Power lines in Chengdu. Photo by Michal Pachniewski.
Chengdu broke a city record this past Monday. The historic moment arrived at 11:27 a.m. on July 21, when, according to Sichuan Online the load to the city's power grid hit an unprecedented 5.01 million kilowatt hours. The daily load also hit a record high of 90.65 kilowatt hours.
Given that the city's power grids are already running at near-maximum capacity, the increasing electricity consumption trend in Chengdu has led the city's Power Bureau to declare a state of high alert and create contingency plans for anticipated future peaks.
The temperature in Chengdu reached a peak 35 degrees on Sunday, July 20, with an average humidity of 72 percent. While that's been the hottest day so far this summer, weather forecasters predict that temperatures will exceed that number in the coming month, creating a likely scenario for repeated strains on the power grid. The forecast for tomorrow's high is 35 degrees.
Due in part to damage from last May's major quake and successive aftershocks as well as repeated damage from construction mishaps, once power lines or other equipment malfunctions due to excess load, a forced power cut will be difficult to avert, cautions the bureau.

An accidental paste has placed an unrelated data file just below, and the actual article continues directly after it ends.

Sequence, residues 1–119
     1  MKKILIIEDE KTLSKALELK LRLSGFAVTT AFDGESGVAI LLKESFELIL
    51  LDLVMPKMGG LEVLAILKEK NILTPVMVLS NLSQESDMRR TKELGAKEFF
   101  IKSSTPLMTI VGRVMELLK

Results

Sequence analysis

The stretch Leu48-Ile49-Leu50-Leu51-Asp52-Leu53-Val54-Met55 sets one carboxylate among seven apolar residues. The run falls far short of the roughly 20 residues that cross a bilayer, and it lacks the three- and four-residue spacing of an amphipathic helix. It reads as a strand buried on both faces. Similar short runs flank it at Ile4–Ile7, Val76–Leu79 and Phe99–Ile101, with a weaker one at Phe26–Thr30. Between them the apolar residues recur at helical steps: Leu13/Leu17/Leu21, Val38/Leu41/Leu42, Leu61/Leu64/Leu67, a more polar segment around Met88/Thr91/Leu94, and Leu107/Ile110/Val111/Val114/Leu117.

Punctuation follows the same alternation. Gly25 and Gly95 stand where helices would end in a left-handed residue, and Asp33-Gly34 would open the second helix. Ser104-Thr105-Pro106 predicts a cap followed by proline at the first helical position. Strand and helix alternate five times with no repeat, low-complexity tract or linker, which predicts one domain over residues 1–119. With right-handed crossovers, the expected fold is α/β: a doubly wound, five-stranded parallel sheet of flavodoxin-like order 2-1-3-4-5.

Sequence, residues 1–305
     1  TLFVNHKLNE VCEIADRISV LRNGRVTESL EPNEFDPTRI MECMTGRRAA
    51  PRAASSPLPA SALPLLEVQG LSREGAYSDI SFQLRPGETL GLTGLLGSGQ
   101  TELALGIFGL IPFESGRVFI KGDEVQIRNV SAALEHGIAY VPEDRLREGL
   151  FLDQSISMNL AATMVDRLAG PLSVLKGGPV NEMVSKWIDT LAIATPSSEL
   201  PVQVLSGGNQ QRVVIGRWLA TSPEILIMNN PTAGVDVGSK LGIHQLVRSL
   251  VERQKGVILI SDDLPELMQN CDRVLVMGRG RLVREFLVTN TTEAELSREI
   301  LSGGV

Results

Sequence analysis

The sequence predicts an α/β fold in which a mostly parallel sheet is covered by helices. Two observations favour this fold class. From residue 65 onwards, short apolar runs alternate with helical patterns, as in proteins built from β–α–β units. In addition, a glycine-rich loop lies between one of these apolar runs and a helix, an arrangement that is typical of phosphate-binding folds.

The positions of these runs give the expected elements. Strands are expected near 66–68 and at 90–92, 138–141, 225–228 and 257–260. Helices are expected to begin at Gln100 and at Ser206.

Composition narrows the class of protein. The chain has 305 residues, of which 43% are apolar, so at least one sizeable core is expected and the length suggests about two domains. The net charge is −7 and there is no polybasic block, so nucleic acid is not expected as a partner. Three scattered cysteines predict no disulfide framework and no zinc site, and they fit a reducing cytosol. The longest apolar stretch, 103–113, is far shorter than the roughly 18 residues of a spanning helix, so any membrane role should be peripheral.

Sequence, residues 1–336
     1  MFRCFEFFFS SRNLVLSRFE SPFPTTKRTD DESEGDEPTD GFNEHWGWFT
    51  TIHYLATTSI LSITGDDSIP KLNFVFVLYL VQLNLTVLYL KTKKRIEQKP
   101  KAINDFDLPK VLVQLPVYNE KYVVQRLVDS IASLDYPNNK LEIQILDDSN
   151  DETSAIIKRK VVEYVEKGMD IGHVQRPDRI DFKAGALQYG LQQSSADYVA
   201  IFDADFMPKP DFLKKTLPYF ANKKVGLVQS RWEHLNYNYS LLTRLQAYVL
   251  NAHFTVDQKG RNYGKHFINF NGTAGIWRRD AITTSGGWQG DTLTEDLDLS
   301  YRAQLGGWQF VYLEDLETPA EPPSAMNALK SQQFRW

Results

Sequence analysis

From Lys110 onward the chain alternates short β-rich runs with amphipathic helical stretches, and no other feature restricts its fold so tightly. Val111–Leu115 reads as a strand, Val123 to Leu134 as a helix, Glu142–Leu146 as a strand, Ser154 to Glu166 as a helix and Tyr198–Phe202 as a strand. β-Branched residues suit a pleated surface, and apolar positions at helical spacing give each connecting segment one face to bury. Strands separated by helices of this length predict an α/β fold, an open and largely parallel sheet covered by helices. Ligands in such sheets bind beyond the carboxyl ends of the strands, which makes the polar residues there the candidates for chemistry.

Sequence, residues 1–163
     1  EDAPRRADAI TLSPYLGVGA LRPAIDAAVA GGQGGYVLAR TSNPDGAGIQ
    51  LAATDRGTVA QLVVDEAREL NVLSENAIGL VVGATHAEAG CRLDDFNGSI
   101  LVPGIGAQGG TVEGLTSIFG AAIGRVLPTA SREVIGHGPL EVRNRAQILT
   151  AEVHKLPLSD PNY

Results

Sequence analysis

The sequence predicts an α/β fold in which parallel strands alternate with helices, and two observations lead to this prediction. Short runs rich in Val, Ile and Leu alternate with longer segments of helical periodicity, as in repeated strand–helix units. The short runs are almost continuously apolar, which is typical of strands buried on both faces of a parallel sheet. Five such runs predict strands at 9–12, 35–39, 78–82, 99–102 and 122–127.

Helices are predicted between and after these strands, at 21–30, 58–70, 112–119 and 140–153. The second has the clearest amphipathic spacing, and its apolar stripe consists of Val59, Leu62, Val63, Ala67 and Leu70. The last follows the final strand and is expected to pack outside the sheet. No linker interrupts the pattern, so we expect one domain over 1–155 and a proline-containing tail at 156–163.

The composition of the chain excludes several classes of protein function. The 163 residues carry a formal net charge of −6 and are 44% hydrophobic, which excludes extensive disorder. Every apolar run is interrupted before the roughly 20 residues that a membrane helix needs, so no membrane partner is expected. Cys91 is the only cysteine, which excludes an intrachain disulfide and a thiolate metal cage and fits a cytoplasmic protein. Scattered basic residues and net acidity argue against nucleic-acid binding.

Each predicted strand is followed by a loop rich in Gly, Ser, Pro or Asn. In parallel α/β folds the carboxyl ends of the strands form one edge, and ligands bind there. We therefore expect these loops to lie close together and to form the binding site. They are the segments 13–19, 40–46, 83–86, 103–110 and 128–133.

As a result, the Chengdu Power Bureau is calling on the public to set the temperature of air-conditioning units 1 degree higher, and preferably run them no cooler than 26 degrees.
Every 1-degree increase in an air-conditioning unit's temperature will reportedly reduce electricity consumption by 130,000 to 150,000 kWh an hour, conserving 3 million kWh a day. Chengdu Electric Power Bureau appealed to offices, work units, shopping malls, hotels, and residents to take the initiative to conserve electricity in an effort to avoid imposed blackouts.
Such potential blackouts are aimed mainly at energy-gobblers such as factories, says the bureau. When power cuts in residential areas are necessary, the energy department has a history of inconsistently issuing advance warnings.
Energy-consumption all-time highs are being reported all over the country this year, including in Jiangsu and Guangdong provinces. Cities such as Huzhou, Changzhou, Jiujiang, Zhuzhou, and Weifang have also reported high usage.
While Chengdu runs behind other Chinese cities such as "the furnace city" Wuhan in percentage of households with air-conditioning units, and statistics on energy consumption are notoriously difficult to obtain, one distinction between Chengdu and regions such as the Pearl River and Changjiang Deltas is that the latter regions' energy consumption relates to their economical reliance on manufacturing, while Chengdu's does not.
No appeals apart from turning down AC units have been made by any authorities, common-sense conservation efforts include turning off lights, computers, and electric water heaters when not in use.